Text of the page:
What do you see when you picture a classic, city neighborhood in the early evening? Coworkers in suits popping in out of restaurants. Moms pushing strollers heading home from the grocery store. A couple on a leisurely stroll gazing into windows and open shop doors. A line of teenagers under the movie theater marquee waiting on tickets and popcorn.
This is Cleveland Park. This community has succeeded in preserving pieces of an American culture that have disintegrated everywhere else.
"Stylistically, the neighborhood is a veritable museum of changing tastes representing the overlay of history in a continuous line of development from 1894 to 1941." National Register of Historic Places Registration Form for the Cleveland Park Historic District
The charm of Cleveland Park is obvious in certain ways....the Uptown Theater, an art deco movie palace, takes center stage on Connecticut Ave. Beaux Art and modernist apartment buildings sit at every corner. Walk up one of the side streets and you'll see everything from Italianate mansions to Craftsman bungalows to Sears and Roebuck cottages.
But there's more creating this feeling than just facades. When walking up Connecticut Avenue, you'll notice that everything is at a human scale. There's not a building taller than eight stories, a parking deck, or a big box retail store in sight. People can literally window shop along the locally-owned specialty stores. Just like in the old days, stores specialize in one type of product. We have a frame store, lamp store, vacuum and sewing machine store, bakery, grocery, jeweler, and Italian deli (which happens to sell the best pizza in DC!). The front doors of these shops are open nearly all the time.
The city was quiet as I carefully ventured out on icy sidewalks early Saturday morning. Winter had finally arrived...a few thin layers of snow and ice made the streets glisten.
Sometimes I think of Connecticut Avenue as an upscale urban jungle...giant trees fighting with art deco apartment buildings. Honestly, I don't think the buildings stand a chance.
Right outside our apartment is the Connecticut Avenue bridge over Klingle Valley. A road once ran through the valley, however it has been abandoned now for over 20 years. If you peak over the green rails, you'll see the forest and stream literally taking over the concrete. Nature is demolishing the work of man.
I crossed the bridge and passed the Kennedy-Warren, one of the finest examples of Aztec Art Deco architecture in the country. Its glamour has attracted the Washington elite for over 80 years, from Presidents and Senators to historians and writers.
The zoo came next. The gates were closed and two honorable lions stood guard. How strange to see a lion covered in snow.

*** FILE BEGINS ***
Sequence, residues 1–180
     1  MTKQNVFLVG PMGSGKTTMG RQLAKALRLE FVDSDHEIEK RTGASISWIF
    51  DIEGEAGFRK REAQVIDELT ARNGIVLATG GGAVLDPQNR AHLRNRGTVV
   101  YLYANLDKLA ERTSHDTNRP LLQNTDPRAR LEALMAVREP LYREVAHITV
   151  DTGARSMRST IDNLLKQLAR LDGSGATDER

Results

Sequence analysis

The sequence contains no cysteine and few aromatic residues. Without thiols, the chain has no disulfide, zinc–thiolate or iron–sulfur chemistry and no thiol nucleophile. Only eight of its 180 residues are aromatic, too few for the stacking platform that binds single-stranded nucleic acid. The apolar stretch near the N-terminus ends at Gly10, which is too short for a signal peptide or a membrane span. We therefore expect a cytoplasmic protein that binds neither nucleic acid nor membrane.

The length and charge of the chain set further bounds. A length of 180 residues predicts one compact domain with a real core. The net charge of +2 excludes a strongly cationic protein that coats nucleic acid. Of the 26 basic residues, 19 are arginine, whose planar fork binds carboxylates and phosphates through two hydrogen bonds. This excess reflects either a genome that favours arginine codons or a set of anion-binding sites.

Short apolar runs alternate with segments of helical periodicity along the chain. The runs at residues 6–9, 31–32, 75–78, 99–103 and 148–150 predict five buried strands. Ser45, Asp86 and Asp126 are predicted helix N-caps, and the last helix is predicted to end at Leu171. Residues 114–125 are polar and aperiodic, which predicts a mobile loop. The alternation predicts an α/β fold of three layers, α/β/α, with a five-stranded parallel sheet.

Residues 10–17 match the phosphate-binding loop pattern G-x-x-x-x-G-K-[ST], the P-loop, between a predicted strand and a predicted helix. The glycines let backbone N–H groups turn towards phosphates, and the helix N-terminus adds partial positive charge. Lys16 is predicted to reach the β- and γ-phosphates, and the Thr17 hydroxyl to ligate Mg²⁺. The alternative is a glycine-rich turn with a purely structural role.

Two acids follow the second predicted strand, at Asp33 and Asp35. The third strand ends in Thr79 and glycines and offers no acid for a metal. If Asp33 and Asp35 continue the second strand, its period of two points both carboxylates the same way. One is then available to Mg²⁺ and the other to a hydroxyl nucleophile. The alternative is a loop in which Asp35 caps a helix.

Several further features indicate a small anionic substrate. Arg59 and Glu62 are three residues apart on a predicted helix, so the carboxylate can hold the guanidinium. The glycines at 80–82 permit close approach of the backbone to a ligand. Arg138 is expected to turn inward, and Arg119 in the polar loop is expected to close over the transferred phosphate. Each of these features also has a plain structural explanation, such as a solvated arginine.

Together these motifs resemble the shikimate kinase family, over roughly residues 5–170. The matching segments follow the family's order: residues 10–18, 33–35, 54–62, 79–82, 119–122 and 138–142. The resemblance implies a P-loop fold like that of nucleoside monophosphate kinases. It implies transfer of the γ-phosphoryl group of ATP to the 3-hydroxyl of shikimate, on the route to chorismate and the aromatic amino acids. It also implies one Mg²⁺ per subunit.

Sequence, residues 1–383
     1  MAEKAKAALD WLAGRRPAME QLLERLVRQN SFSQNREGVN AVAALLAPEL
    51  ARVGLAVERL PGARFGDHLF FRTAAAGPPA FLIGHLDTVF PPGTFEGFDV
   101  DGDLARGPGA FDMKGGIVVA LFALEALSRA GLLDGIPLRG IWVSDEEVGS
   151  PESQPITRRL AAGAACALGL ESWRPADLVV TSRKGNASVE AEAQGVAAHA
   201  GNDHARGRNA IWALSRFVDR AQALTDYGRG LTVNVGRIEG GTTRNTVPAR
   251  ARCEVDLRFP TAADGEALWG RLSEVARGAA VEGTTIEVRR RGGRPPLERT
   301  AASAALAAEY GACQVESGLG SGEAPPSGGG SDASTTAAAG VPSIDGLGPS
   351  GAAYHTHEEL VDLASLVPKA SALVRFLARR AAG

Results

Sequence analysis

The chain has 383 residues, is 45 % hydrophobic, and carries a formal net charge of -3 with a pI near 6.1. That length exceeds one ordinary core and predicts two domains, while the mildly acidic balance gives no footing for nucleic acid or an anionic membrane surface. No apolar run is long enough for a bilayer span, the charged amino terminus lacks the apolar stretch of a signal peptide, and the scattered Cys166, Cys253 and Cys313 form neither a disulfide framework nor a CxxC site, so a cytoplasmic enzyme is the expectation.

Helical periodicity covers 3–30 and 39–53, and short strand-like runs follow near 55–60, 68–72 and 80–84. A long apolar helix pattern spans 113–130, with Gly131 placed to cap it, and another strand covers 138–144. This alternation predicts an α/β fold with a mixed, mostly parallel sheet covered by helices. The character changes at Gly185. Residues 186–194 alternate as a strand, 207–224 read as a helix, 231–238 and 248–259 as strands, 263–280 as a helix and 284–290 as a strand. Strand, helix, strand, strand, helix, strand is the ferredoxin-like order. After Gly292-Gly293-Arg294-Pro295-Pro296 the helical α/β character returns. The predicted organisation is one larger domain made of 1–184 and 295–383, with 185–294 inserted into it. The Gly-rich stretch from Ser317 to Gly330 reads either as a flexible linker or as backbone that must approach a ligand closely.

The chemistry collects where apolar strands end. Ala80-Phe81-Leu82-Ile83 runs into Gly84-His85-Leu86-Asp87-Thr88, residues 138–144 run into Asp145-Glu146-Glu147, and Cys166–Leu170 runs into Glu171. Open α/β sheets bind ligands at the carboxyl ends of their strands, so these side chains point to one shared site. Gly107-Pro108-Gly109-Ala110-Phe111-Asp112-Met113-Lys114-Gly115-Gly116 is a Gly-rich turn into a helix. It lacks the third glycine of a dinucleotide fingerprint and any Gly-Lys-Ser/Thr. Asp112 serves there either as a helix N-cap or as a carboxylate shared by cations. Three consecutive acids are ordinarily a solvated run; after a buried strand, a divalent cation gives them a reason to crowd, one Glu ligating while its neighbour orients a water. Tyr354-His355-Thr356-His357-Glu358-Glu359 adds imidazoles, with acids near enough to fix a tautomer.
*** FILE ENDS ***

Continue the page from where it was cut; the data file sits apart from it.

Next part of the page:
I hope you had a weekend full of peaceful moments and lovely surprises.
Happy 2012! Yes, I know I'm a little late, but it's been a busy few weeks. I'm excited for the new year and all the fun things in store. And what better way to kick off the new year than to gallivant through salvage yards, consignment shops, and antique stores! My friend Laura and I spent this surprisingly cold (it's January, I really shouldn't be surprised) Sunday afternoon picking through everything from medicine and milk bottles to doors and window frames. Some of the most interesting finds were antique sewing machines, a jukebox, a phone booth, and a scale that tells you not only your weight but your fortune! (Quite a scary combination if you ask me.)
We first checked out Community Forklift, a salvage yard in Edmonston, Maryland, then headed back into the city to 14th street where we visited Miss Pixies, Hunted House, and Good Wood. The ever-popular Miss Pixies has an amazing selection of furniture, most used and some we decided was probably made by local artisans.
The concept behind Hunted House is very unique. The store is located in a historic rowhouse and all the furniture is displayed in rooms as if people are living there. Surrounded by Eames-style bucket chairs, teak coffee tables, leather couches, and old clock radios, customers feel like they should be sipping a Manhattan with Don Draper.
As Laura pointed out, Good Wood feels like a place frequented by very important men...those who have many leather-bound books and whose apartments smell of rich mahogany. Antique lovers and Ron Burgundy admirers alike would get a kick out of Good Wood.
P.S. The pink appliances above are actually miniature. They were so cute! Oh if only they were real. On the left is a picture of multi-colored toilet covers at Community Forklift...just in case you're ever in the market.